Madchester was a music scene that developed in Manchester, England, towards the end of the 1980s and into the early 1990s. The music that emerged from the scene mixed alternative rock, psychedelic rock, and dance music. Artists associated with the scene included New Order, The Stone Roses, Happy Mondays, Inspiral Carpets, Northside, 808 State, James, The Charlatans, The Fall, and A Guy Called Gerald.

At that time, the Haçienda nightclub was a major catalyst for the distinctive musical ethos in the city that was called the ‘Second Summer of Love.’ The music scene in Manchester immediately before the Madchester era had been dominated by bands such as The Smiths, New Order, The Fall and James. These bands were to become a significant influence on the Madchester scene.

The opening of the Haçienda nightclub, an initiative of Factory Records, in 1982 was also influential in the development of popular culture in Manchester. For the first few years of its life, the venue played predominantly club orientated pop music and hosted gigs from artists including New Order, Culture Club, The Thompson Twins, and the Smiths. It had DJs such as Hewan Clarke and Greg Wilson and switched focus from being a live venue to being a dance club by 1986. In 1987 The Hacienda started playing House music with DJs Mike Pickering, Graeme Park, and ‘Little’ Martin Prendergast hosting the ‘Nude Night’ on Fridays.

The Festival of the ‘Tenth Summer’ in 1986, organized by Factory Records, helped to consolidate Manchester’s standing as a center for alternative pop-culture. The festival included film-screenings, a music seminar, art shows, and gigs by the city’s most prominent bands, including an all-day gig at Manchester G-Mex featuring A Certain Ratio, The Smiths, New Order and The Fall. According to Dave Haslam, the festival demonstrated that ‘the city had become synonymous with … larger-than-life characters playing cutting edge music … Individuals were inspired and the city was energised; of it’s [sic] own accord, uncontrolled.’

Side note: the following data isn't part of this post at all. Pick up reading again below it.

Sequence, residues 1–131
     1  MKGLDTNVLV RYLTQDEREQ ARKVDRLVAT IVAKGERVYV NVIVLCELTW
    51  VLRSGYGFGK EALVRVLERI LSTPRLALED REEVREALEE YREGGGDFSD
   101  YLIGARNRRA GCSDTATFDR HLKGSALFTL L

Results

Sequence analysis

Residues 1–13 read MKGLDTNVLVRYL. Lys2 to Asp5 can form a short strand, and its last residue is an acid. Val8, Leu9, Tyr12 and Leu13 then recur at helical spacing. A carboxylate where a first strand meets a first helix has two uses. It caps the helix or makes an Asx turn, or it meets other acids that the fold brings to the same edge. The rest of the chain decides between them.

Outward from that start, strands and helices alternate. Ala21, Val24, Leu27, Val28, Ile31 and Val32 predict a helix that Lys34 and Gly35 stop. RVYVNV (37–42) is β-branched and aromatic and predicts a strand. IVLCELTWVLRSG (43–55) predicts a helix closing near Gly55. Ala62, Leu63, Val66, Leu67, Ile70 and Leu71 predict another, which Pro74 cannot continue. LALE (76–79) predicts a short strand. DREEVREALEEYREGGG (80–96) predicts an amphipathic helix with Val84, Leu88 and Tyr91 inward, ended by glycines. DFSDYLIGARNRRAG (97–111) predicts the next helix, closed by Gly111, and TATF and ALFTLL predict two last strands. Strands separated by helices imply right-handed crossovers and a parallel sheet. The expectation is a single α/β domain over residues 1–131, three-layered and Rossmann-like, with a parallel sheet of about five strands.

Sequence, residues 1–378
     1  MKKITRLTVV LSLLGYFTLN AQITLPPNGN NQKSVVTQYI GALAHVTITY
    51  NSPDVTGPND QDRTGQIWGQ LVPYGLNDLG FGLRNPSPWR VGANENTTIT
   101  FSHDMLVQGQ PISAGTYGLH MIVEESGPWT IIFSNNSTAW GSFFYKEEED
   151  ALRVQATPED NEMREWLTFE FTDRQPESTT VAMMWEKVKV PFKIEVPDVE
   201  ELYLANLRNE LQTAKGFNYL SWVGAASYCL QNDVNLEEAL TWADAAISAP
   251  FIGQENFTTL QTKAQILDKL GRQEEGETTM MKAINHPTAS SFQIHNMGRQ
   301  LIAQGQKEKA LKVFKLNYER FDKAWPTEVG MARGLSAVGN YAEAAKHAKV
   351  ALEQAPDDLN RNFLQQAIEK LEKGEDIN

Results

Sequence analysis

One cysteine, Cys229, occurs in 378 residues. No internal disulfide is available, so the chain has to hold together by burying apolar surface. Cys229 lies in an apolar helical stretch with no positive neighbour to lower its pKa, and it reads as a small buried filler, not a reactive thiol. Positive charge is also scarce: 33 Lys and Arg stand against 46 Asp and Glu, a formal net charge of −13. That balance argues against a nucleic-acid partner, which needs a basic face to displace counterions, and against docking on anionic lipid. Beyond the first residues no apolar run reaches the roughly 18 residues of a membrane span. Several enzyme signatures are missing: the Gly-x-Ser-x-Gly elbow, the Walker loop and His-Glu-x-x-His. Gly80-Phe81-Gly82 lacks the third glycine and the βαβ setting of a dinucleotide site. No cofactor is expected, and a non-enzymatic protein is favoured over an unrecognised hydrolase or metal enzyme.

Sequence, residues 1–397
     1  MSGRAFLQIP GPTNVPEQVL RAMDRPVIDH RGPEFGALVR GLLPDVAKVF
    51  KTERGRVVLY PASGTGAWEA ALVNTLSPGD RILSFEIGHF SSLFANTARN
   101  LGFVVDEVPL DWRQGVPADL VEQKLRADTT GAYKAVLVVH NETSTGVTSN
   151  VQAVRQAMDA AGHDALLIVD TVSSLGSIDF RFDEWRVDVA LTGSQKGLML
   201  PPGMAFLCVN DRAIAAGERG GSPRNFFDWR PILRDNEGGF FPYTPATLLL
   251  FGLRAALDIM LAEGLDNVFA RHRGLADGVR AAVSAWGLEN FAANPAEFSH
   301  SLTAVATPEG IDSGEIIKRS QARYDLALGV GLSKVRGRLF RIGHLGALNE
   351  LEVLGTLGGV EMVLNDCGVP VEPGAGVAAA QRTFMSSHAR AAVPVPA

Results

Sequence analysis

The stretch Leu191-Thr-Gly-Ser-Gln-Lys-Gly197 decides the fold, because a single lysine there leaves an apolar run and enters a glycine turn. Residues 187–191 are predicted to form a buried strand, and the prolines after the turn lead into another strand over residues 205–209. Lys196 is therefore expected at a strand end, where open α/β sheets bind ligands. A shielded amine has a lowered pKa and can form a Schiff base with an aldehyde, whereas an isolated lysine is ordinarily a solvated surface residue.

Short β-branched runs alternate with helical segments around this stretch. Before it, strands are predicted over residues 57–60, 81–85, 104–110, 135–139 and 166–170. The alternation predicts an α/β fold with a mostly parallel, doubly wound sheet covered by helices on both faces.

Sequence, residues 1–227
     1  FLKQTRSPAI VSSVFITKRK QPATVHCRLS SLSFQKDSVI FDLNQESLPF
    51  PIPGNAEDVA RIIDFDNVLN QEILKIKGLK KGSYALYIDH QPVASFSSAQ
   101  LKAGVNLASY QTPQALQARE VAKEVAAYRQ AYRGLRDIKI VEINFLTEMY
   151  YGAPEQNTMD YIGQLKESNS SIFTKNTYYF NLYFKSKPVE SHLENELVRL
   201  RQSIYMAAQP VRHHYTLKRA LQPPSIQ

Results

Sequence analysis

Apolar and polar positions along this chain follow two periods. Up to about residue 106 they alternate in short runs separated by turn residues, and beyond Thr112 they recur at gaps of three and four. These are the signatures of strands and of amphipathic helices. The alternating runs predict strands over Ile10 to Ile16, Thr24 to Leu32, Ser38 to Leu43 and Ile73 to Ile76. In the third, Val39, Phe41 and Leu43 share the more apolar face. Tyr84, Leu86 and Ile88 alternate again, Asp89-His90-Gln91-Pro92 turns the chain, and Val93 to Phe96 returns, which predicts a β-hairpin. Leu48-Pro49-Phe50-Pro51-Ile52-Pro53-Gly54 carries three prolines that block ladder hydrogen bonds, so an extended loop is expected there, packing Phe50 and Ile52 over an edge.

The Haçienda went from making a consistent loss to consistently selling out by early 1987. During 1987, it hosted performances by American house artists including Frankie Knuckles and Adonis. Other clubs in the Manchester area started to catch on to House music including Devilles, Isadora’s, Konspiracy, House, Soundgardens, and Man Alive in the city center, Bugsy’s in Ashton-under-Lyne and the Osbourne Club in Miles Platting.

Another key factor in the build-up to Madchester was the sudden availability of the drug ecstasy in the city, beginning in 1987 and growing the following year. According to Dave Haslam: ‘Ecstasy use changed clubs forever; a night at the Haçienda went from being a great night out, to an intense, life changing experience.’

By the late 1980s, the British music was symbolized by a robust sound such as a Duran Duran and Spandau Ballet and the pop music of Stock, Aitken, and Waterman. ‘The Guardian,’ stated that, ‘The 80s looked destined to end in musical ignominy.’ The Madchester movement burgeoned, its sound was new and refreshing and its popularity soon grew. Music by artists such as the Stone Roses and Happy Mondays began to chart highly in 1989 with New Order releasing the house-influenced ‘Technique,’ which topped the UK album charts.